Weddings & Programs


While the acoustic guitar has a marvelous heritage of classical pieces, Ken has found that audiences enjoy his unique original arrangements  of Beatles, Bossa Nova, pop tunes, Jazz standards, and original compositions. Ken's play list includes:

Beautiful Day     Blue Bayou     Brown Eyed Girl

And I love her     Blackbird    Eight days a week

Eleanor Rigby  Hard Day's Night  Hello Hello

Here comes the sun   Here There and Everywhere  Hey Jude

I wanna hold your hand   If I fell    Imagine

Jenny/867-5309    Joy to the World  I'm a believer

Kind of Hush  Just the Two of Us   Change the World

And LOTs more.....


Having played for hundreds of weddings, Ken understands the importance of selecting the right pieces that convey the right mood.  In addition to the standard wedding classics, Ken‘s substantial experience positions him to "think outside the box" when considering wedding pieces.








Here are Ken's observations on choosing wedding ceremony music:

Having played for many weddings, I have heard many of the same questions concerning wedding music asked by many brides and grooms. Here are some of those questions, along with my answers. Hopefully, this information will help you in planning your wedding ceremony.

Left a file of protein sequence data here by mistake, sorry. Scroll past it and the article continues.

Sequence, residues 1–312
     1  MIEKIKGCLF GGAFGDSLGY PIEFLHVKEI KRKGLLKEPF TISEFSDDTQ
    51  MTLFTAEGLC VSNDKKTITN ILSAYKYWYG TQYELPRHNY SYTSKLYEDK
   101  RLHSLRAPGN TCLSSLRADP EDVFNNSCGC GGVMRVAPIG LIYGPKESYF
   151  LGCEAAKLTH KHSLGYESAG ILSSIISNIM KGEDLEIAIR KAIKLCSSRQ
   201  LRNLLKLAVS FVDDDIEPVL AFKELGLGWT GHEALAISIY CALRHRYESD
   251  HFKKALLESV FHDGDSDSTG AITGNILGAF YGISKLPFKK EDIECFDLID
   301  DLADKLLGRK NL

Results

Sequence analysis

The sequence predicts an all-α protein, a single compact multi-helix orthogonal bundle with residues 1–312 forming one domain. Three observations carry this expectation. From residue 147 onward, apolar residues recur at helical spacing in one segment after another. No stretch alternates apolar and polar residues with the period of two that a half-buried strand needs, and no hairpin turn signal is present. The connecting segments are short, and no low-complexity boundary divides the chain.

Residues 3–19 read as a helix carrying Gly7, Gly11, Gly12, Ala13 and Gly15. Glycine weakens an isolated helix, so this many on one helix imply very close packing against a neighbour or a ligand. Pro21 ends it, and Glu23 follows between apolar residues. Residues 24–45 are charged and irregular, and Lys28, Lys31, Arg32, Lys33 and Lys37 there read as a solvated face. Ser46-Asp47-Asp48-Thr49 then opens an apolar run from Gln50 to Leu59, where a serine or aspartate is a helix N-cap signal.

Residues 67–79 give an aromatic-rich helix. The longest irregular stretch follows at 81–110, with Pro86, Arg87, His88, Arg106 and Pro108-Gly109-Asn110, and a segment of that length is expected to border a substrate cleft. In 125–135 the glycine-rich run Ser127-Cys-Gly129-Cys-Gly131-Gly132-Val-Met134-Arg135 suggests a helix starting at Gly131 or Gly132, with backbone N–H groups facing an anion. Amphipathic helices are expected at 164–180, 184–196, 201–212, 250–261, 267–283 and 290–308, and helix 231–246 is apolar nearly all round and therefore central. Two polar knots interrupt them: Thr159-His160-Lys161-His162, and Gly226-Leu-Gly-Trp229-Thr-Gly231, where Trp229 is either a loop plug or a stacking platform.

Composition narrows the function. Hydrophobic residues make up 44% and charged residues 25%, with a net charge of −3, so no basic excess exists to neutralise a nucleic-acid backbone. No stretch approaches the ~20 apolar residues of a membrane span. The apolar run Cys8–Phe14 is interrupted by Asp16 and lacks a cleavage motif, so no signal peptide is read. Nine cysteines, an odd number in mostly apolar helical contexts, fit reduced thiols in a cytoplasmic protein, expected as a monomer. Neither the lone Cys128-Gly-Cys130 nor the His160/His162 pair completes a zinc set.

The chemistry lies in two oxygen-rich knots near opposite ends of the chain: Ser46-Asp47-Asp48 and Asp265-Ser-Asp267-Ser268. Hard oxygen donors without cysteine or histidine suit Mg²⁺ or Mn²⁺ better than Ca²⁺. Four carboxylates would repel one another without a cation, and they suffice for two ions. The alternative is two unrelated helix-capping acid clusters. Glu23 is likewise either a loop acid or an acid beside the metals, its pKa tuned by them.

1. What about music before the service?

Pre-service, officially referred to as “prelude” music, often starts about 15-20 minutes before the service starts. The beginning of prelude music is a signal to the people attending that the big event is soon to begin.

2. What pieces are played at this time?

As with everything in your wedding, it can be up to you. Familiar pieces from the classical tradition are popular here. Pieces by J.S. Bach that are often played for prelude music include “Sleepers Awake”, “Air on the ‘G’ String”, and “Arioso”. The “Andante” by Mozart is also popular here. Beautiful contemporary pieces for this part of the ceremony could include things like “All I Ask of You”, or “Music of the Night” from Phantom of the Opera. The concepts for the musical selections here are to be joyful, and expectant. Many couples like to have hymns, or other songs of faith, played during this part of their service. Rather than listing specific titles, many couples just choose to list “Prelude” in their wedding program. This gives the musician opportunity to add (or delete) specific pieces as time dictates.

3. What other places at the beginning of the service feature music?

Some couples want a specific piece, or even a vocal solo, when the parents or grandparents are being seated. In larger or more formal weddings, the usual tip that things are starting is when the officiant, groom, and groomsmen enter.